There is no way to know how many lives would have been saved by bombing the railway lines to Auschwitz — but since 12,000 Jews were being gassed there every day at its peak, any interruption of the murder process certainly would have saved some lives.

You write that President Roosevelt took a very restrictive approach to Jewish immigration, even opposing a bill to permit the entry of 20,000 German Jewish children. What was his reasoning?

The Roosevelt administration claimed that if it permitted more immigration, it would be accused of allowing foreigners to take jobs away from American citizens. But those refugee children wouldn’t have taken away any jobs. In fact, just a year later, the president personally intervened to enable thousands of British children to come to America to escape the German blitz of London.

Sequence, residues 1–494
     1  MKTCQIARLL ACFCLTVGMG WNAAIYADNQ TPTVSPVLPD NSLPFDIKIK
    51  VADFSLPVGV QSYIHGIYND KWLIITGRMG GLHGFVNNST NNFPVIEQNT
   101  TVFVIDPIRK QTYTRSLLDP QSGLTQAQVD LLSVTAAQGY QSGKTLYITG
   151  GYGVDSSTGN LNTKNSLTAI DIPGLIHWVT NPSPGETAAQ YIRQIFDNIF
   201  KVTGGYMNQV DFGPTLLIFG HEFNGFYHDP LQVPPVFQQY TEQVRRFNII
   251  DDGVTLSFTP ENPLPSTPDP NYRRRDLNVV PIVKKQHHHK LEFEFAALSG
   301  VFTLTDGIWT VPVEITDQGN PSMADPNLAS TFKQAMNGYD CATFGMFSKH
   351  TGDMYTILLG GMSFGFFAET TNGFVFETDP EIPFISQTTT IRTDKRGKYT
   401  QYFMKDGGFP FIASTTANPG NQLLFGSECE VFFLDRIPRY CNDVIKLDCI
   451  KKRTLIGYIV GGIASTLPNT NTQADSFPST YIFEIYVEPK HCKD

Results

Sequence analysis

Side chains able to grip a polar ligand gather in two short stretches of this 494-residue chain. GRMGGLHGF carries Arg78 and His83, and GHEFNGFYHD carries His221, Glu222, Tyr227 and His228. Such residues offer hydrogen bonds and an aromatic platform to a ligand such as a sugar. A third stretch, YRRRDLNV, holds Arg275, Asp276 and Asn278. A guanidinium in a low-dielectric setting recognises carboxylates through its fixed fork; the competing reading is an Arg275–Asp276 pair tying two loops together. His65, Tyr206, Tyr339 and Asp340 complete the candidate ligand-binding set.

What do you make of the argument that Roosevelt was constrained by domestic considerations from doing more?

It’s true that there was strong public and congressional opposition to liberalizing the immigration laws. But FDR didn’t need to start a fight with Congress over the issue. All he had to do was quietly permit the existing quotas to be filled. The quotas from Germany and Axis-occupied countries were less than 25 percent filled during most of the Roosevelt years. If FDR had allowed them to be filled — without any public controversy, announcements, or battles — 190,000 lives would have been saved. The main problem was not domestic considerations; the main problem was President Roosevelt’s desire to keep Jewish refugee immigration to a minimum.

What is the most interesting or troubling fact or anecdote you discovered researching the book?